The Magazine

Moving Parts

This story is not quite equal to the setting.

Nov 4, 2013, Vol. 19, No. 08 • By JOHN PODHORETZ
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I saw Gravity several weeks ago, so it’s interesting to reflect on what kind of staying power this box office sensation actually has. Once you’re out of the theater and away from director Alfonso Cuarón’s mind-boggling success in convincing you that you’re actually watching astronauts struggling to survive in outer space, does its spell persist?

Sandra Bullock in space

Sandra Bullock in space

warner bros./newscom

The answer is no. If Cuarón, who directed the movie and wrote the script with his son Jonás, had managed to create a rich plot and populate it with interesting characters to go along with the astounding visuals, Gravity would have been among the cinema’s historic high points. But he didn’t, and it isn’t.

Even so, Gravity deserves every 100 million dollars it’s earning. It is, without question, one of the greatest technical achievements in the history of popular culture; and, as the audiences flocking to it demonstrate, its immense visual splendor is more than enough for any one film. 

Describing what makes Gravity remarkable is pretty tedious work, as evidenced by the thousands upon thousands of extremely boring words reviewers before me have used. Basically, it comes down to this: Everything is in motion in this movie, as (I gather) it would be if you were in zero gravity. You could probably see Gravity four or five times just to focus on different spots on the screen to watch what’s going on in them. Cuarón says it took him four years to develop the techniques that would make it possible to execute this hyperrealistic depiction of objects and people in orbit. Those were four years well spent.

On the basis of this movie and his previous near-masterpiece Children of Men (2006), Cuarón is the key visionary working in cinema today, with an unparalleled sense of how to depict movement on screen. Oh, how I wish he’d make a musical. Children of Men features the two greatest chase sequences in the history of the talkies. (For my money, the greatest chase sequence ever involves Buster Keaton, 100 women in wedding dresses, and an endless number of boulders in a 1925 silent called Seven Chances.) In some sense, the entirety of Gravity is a silent chase scene, as all the elements on screen are, in effect, boulders chasing Sandra Bullock in the soundlessness of space.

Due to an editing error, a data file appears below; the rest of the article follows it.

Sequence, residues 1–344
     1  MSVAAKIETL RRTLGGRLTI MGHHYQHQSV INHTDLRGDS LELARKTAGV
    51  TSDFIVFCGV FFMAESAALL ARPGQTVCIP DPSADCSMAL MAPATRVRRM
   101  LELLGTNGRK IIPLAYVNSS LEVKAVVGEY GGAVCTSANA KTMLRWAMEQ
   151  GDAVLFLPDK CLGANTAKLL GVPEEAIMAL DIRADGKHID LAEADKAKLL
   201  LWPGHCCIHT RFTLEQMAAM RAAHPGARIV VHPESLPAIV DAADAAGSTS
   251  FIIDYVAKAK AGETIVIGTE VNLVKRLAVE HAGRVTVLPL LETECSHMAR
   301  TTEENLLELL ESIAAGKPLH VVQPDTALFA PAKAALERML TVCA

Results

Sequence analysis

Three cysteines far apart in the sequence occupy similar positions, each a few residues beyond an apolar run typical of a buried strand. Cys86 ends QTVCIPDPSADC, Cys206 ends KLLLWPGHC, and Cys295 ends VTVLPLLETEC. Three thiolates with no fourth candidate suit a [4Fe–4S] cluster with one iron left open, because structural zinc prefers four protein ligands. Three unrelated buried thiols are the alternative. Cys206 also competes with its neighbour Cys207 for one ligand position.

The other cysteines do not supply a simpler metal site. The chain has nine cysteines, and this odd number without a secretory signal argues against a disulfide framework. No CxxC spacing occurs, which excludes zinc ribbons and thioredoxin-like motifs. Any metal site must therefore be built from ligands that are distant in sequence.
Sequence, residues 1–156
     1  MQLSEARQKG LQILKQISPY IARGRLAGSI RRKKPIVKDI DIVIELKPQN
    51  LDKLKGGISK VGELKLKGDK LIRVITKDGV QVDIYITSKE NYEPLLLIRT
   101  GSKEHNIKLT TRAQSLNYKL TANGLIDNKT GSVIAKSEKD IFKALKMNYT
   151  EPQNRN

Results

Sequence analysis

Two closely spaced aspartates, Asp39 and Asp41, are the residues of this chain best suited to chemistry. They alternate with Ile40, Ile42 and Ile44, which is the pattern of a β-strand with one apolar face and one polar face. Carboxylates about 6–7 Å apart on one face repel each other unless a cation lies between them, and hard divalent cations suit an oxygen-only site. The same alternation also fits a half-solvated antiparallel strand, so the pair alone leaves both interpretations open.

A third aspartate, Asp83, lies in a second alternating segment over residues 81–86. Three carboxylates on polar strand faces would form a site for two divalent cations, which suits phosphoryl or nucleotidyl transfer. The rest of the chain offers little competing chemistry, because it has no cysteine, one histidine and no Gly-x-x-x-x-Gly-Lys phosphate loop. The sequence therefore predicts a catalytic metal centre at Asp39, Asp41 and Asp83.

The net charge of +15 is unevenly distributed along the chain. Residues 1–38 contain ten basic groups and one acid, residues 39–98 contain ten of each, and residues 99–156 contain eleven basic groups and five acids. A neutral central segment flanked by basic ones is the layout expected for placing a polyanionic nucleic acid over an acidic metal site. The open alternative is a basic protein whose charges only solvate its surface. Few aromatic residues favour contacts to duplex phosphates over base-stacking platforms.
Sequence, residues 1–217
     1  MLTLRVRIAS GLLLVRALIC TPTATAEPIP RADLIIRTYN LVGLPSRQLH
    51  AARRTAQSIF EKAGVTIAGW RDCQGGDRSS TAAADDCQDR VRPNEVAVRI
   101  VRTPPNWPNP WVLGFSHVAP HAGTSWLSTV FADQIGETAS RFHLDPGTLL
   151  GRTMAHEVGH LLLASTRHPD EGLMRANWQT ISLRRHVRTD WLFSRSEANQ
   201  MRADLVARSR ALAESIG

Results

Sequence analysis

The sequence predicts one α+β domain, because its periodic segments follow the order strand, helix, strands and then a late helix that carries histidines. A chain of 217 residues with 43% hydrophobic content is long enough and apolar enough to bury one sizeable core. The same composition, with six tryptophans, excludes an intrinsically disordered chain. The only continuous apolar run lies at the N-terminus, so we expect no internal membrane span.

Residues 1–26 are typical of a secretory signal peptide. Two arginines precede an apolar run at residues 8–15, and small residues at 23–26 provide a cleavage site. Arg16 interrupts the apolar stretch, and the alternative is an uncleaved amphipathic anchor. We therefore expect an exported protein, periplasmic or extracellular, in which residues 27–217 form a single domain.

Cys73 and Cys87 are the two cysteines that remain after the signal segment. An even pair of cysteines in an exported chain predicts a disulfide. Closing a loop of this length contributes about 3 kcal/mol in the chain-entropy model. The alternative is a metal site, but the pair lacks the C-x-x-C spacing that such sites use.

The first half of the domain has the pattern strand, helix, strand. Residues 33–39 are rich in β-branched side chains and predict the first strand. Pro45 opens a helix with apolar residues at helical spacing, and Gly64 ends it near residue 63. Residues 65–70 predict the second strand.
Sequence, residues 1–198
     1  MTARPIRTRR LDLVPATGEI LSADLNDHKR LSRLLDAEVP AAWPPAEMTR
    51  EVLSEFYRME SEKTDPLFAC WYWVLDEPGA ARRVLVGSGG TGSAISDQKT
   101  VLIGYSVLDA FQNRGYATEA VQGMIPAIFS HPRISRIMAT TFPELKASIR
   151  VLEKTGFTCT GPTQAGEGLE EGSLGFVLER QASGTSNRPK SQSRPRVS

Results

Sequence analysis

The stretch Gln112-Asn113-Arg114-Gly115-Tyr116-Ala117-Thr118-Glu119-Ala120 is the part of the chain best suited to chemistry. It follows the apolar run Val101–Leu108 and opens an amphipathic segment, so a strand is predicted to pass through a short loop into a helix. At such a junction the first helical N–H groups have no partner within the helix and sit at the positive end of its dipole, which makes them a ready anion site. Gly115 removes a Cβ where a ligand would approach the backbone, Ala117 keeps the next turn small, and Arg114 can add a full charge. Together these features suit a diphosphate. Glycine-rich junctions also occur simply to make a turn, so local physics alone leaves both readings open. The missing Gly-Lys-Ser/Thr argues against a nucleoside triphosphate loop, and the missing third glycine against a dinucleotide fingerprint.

She plays Ryan Stone, a scientist on her first shuttle flight. She is not an astronaut but, rather, an astrophysicist who has figured out how to repair something broken on the Hubble telescope. She is accompanied by a veteran flyboy played by George Clooney, who quips away while she fusses with the telescope and tries to restrain her motion sickness.

But movies have enduring power due to story, not atmosphere; to character, not setting. 

Here, story and character merge into one: A catastrophe occurs, and Ryan Stone is stranded alone with only an hour and a half to figure out how to get back to Earth. It is a lot to ask of an actress to carry an entire movie, and it was canny of Cuarón to cast the immensely likable Bullock, who performs without grandiosity or actorly showiness. She is the audience’s stand-in and must represent us in depicting what it would be like to face the unspeakable terror of death in a fathomless void.

But while Sandra Bullock may be “relatable,” to use the obnoxious neologism Hollywood loves, Ryan Stone isn’t at all. As conceived by Cuarón and played by Bullock, she is a depressing mope with a backstory that does not make her seem like us; rather, she seems more like one of those people we barely know on Facebook whose life is marked by senseless tragedy. Ryan is reserved and glum, unable to banter with the cheerful Clooney because sometime in the past she had a 4-year-old daughter who hit her head on the playground and died. 

We are, therefore, to understand that Ryan is dead inside, simply going through the motions. This is a silly notion. First, a woman as depressed as Ryan wouldn’t have the wherewithal to get into a spacesuit and be sent into orbit by NASA. And it’s highly doubtful that NASA would clear such a depressive for that kind of mission. Second, if she doesn’t have anything to live for, why wouldn’t she see the calamity visited upon her as the answer to her existential problems and simply let herself go?

Those are more plausible character arcs for Ryan Stone than the one Cuarón chooses for her. He wants the experience to bring her back to life. Indeed, he depicts this almost literally: At one point, she enters a space capsule, removes her suit, curls into a fetal position, and seems to go to sleep—as though she is in utero, waiting to be reborn.

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